Architecture: Dietrich | Untertrifaller Architekten
Project management: Felix Kruck
Construction time: 2018-2019
Area: 245 m²
Management & timber construction: Zeh Holzbau, Maierhöfen
Timber statics: Merz Kley Partner, Dornbirn
Heating, sanitary: Filser, Weiler
Electrics: Fink, Röthenbach
Interior fittings: Schreinerei Haas, Wangen
Photos: © Albrecht I. Schnabel
On the edge of a densely built-up settlement in the Allgäu hill country, we have built a well-thought-out, multifaceted residential house made of wood. The adjoining popular local recreation and landscape protection area has moved us to include the surrounding nature significantly in the design of the house. The new building takes on the proportions of the desolate existing building from the 1960s.
The staggering story set back on the street side communicates with the slope, the originally steep course of which we have restored. The restrained, horizontally structured architecture with the facade made of local woods blends harmoniously into the natural space. Floor-to-ceiling glazing, lines of sight, and open living spaces that open up numerous perspectives and vistas stage nature and bring it into the house.
The narrow, only 840 m² property rises steeply from the street to the garden. On the street-side slope, we have accommodated a granny flat and the garage. A simple wooden staircase leads to the living area above with an open living-dining-kitchen area, two bedrooms, and a bathroom.
The entire south facade with a view of the garden is glazed to the ceiling. However, even on the north side, floor-to-ceiling windows ensure transparency and brightness. Only the side fronts are more closed and protect the few openings with wooden slats from the neighbors.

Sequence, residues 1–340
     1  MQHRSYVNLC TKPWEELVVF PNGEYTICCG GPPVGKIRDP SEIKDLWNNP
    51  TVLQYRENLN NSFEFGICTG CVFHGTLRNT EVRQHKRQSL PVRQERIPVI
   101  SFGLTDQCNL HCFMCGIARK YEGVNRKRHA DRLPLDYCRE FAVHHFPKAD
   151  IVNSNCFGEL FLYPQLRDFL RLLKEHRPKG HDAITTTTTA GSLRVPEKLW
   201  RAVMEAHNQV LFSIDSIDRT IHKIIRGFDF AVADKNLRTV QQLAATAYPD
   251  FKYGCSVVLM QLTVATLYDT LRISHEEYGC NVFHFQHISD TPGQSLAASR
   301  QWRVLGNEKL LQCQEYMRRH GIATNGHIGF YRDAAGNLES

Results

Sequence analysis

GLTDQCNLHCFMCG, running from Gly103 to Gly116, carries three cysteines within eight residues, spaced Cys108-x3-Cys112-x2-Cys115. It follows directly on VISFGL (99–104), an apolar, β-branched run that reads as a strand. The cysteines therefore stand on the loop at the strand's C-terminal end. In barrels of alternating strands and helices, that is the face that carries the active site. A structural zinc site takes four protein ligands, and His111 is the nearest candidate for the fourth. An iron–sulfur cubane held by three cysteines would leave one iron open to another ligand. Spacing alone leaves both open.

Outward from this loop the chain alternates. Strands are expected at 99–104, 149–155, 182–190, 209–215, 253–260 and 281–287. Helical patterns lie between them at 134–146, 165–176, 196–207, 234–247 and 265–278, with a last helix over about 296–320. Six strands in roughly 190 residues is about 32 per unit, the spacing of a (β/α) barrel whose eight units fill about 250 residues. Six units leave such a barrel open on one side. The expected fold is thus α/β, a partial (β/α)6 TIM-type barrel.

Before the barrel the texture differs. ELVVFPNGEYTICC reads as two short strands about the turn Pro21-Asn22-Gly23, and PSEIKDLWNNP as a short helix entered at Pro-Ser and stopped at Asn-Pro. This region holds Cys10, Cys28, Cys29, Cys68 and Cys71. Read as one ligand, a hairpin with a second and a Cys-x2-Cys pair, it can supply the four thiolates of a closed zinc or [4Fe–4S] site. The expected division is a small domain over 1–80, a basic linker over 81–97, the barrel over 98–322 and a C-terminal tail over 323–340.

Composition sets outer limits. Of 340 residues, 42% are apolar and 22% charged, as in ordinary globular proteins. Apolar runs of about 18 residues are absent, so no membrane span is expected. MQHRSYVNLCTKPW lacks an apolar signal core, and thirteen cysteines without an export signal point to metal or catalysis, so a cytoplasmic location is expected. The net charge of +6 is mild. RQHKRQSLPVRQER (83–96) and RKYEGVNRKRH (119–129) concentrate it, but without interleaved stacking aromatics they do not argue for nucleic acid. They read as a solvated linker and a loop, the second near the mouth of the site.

The children have their own space in the attic. The three rooms plus bathroom can later be separated by a separate entrance as an independent apartment. This enables flexible use from family houses to multigenerational houses.
A special highlight is a covered veranda cut deep into the facade on the west side of the top floor. The framed view falls on the chestnut tree, which hides the gable of the neighboring house, and the gently sloping garden, so that you feel as if you are in a lodge in the middle of the great outdoors.
The materials used also contribute to this natural feeling of living. Except for the parts in contact with the ground, the entire house is made of wood. The facade is clad with crossbars made of silver fir.
The recessed or roofed outer surfaces consist of oak boards laid lengthways. Over time, this creates an attractive contrast between graying silver fir and golden-brown oak. The overhang of the living area and the all-around balcony of the top floor act as constructive sun protection for the rooms below.
Comfortable oak and light lime plaster dominate the interior. The large black steel fireplace built into the white wall sets interesting accents and also acts as a room divider and shields the living area.
The slightly inclined gable roof is completely covered with photovoltaic panels and enables efficient yet inconspicuous power generation. The accumulators in the cellar store the surplus electricity so that the heat pump can be fed with self-produced electricity. Good planning consciously takes into account the surroundings, takes into account what is already there and the building adapts to its property.
We built house P with the slope and not against it. It is actually a disadvantage if the slope side is oriented to the south. We have used this location so that you can enter the house in the north at ground level and you can also access the terraced garden directly from the south-facing living rooms on the upper floor. The quality of the architecture, the sustainable construction, and the flexible use will give the builders pleasure for a long time to come.